“They all think it’s brilliant. That not a single thing in the world could compare. Doctor John Smith, award winning alien life research. Top of the world.” His fingers tightened painfully around hers, voice beginning to crack. “But they don’t like to acknowledge the shite parts. The days spent working through stressful problems alone. The peer reviews that leave you exhausted and demoralized. The fact that it’s simply a job, at the end of the day, and sometimes that’s not glamorous at all. But that ruins their image of ‘the dream job’ in their heads. So I stopped talking about it. Ignored how awful I felt a lot of the time.”

In the bright sunlight, Rose swore she saw the sparkle of a tear run down his cheek.

“What’s different now, Rose? What am I not seeing?”

Rose sucked in a breath, her heart shattering as his quiet, careful words pierced the tense air between them.

“What am I supposed to do when I have to leave in a few months? What if I can’t solve this puzzle in time? What if I have to go back to that feeling?” he asked, panic lacing his voice as though his departure was in mere seconds, rather than months - as though she would be pried from fingers if he didn’t tighten his now-crushing grip on her hand.

“Well, ‘m not goin’ anywhere. We’ll just have to figure it out together, yeah?” Rose said, leaning her head gently against his shoulder. Relief washed over her when she felt his head rest against the top of hers, warm under the blinding light streaming through the window. In the minutes of silence that followed, she could only hope that he felt a little less alone while they were together.

All too soon, John’s phone chimed, and with a groan, he sat back up to respond to the incoming email. Before long, he shoved it back in his pocket and turned properly to face Rose, reaching to hold her hand again.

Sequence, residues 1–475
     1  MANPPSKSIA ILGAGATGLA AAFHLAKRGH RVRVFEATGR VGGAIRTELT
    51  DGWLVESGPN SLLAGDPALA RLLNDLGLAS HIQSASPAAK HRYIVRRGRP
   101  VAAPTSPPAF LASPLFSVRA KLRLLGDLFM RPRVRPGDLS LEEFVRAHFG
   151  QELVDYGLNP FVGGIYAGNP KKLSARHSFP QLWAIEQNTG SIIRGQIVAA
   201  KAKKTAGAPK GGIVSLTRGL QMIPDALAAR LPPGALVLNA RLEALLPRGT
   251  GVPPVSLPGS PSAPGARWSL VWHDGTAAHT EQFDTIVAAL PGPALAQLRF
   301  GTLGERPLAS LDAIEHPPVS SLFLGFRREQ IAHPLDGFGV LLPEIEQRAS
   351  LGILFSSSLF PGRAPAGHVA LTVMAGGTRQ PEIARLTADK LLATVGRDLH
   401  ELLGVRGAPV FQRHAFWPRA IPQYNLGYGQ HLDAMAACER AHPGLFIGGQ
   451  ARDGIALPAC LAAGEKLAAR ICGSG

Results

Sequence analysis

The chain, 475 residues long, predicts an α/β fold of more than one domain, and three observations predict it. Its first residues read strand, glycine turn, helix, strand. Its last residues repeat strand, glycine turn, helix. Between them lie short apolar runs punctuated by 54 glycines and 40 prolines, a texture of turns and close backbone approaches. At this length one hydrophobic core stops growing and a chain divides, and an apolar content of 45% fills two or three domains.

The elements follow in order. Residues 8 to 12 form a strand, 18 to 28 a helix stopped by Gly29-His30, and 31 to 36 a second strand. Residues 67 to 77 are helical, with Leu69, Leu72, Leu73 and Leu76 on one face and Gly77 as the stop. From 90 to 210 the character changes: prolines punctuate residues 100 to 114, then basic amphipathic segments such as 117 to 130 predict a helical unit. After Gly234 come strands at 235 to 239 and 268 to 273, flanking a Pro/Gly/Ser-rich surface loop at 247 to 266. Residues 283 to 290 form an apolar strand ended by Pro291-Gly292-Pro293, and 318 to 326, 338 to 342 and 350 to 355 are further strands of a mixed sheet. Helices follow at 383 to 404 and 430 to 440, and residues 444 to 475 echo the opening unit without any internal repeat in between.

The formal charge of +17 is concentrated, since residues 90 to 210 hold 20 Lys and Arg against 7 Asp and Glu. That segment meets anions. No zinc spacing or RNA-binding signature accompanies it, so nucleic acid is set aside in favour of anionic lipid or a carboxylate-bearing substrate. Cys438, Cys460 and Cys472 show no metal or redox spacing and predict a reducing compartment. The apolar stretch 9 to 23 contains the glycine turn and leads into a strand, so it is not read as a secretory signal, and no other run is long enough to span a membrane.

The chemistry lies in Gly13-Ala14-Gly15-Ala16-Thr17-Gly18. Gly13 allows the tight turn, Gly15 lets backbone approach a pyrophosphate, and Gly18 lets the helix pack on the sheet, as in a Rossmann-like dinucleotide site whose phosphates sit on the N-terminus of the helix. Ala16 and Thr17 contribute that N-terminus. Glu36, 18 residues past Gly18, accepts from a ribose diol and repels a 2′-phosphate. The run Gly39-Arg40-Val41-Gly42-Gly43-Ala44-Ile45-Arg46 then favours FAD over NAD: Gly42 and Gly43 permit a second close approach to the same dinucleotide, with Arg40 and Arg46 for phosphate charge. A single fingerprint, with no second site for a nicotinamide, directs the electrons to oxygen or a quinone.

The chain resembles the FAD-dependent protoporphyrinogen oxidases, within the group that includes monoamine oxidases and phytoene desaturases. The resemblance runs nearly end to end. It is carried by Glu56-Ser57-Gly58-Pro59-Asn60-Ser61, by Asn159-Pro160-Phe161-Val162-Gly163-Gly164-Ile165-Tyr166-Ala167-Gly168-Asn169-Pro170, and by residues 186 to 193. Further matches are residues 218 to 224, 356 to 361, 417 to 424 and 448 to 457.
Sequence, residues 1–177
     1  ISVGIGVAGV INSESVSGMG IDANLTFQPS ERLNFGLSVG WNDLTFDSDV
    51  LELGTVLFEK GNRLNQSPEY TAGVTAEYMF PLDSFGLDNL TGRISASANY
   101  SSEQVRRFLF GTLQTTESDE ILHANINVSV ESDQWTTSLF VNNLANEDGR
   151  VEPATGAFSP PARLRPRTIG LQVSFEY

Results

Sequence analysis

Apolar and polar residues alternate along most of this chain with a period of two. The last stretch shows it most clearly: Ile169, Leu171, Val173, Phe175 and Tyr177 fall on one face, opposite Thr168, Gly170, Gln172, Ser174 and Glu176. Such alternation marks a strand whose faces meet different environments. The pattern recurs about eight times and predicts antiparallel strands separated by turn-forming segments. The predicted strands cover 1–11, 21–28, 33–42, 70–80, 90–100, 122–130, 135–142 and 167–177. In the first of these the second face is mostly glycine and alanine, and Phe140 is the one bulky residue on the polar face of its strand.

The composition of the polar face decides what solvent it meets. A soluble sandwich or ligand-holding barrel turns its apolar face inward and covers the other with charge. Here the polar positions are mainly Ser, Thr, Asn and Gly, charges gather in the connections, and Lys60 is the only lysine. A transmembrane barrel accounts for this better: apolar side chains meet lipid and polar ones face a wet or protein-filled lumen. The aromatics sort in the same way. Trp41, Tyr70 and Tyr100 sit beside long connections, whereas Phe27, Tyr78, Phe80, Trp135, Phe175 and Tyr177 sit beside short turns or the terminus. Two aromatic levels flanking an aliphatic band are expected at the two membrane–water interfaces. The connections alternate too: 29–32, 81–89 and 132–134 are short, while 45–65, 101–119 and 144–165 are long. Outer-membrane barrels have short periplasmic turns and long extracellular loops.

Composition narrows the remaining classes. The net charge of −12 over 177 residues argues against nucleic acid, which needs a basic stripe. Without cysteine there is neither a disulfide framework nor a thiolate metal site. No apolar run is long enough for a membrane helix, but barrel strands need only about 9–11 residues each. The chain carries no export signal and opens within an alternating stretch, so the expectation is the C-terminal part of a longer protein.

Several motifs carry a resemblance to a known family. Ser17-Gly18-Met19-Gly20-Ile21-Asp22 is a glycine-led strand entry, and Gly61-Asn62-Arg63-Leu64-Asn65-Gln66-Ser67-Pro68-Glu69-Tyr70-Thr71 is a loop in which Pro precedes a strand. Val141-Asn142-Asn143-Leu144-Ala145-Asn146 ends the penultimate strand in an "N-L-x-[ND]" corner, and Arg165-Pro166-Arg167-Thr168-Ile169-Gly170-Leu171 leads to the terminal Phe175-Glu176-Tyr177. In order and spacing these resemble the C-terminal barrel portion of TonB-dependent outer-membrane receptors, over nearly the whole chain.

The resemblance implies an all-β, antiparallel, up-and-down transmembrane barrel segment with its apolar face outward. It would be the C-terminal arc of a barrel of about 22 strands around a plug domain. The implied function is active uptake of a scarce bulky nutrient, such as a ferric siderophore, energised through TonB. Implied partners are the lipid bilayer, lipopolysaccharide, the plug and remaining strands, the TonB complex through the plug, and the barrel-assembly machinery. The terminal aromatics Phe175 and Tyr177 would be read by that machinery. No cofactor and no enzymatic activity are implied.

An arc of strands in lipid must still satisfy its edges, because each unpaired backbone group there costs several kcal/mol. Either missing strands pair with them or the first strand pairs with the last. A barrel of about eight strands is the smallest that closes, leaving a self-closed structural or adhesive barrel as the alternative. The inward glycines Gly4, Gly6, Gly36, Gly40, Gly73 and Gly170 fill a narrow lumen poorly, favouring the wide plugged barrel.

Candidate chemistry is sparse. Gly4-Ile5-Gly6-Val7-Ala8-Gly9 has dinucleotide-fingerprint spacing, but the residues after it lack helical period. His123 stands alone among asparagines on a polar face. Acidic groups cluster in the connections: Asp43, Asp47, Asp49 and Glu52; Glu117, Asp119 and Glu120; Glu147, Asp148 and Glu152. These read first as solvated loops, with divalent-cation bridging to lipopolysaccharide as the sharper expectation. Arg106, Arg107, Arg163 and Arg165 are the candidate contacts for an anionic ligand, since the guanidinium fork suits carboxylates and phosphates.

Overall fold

“Erm. Thanks. For listening. I - well, I didn’t quite plan for this to all come out this way. I think I drove the point home quite well that there’s not a lot of people in my life who I can talk to about these sorts of things. If anything I feel a bit badly burdening you with this mess.” He tapped lightly on his head to indicate exactly which ‘mess’ he was referring to.

“Better with two,” she smiled gently. “Just promise me one thing, yeah? You can always talk to me. Always. Don’t go bottlin’ this kind of thing up...”

He did not answer immediately, but sitting this close, he didn’t need to. The sunlight laid bare all sorts of little things Rose had never noticed before - constellations of freckles scattered across his cheeks, the way his left eyebrow always seemed to be quirked up slightly, the hopeful gratitude shining in his warm brown eyes, the way his lips parted slightly as he leaned closer, forehead bumping against hers -- what is he–

The door to the huddle room slammed open with a resounding crack as it hit the wall, revealing one extremely perturbed Donna Noble.

“Oi, Spaceman, why the hell did you drop off the phone? Mickey needed you down in the executive conference room twenty minutes ago, stop canoodling and get your arse down here!”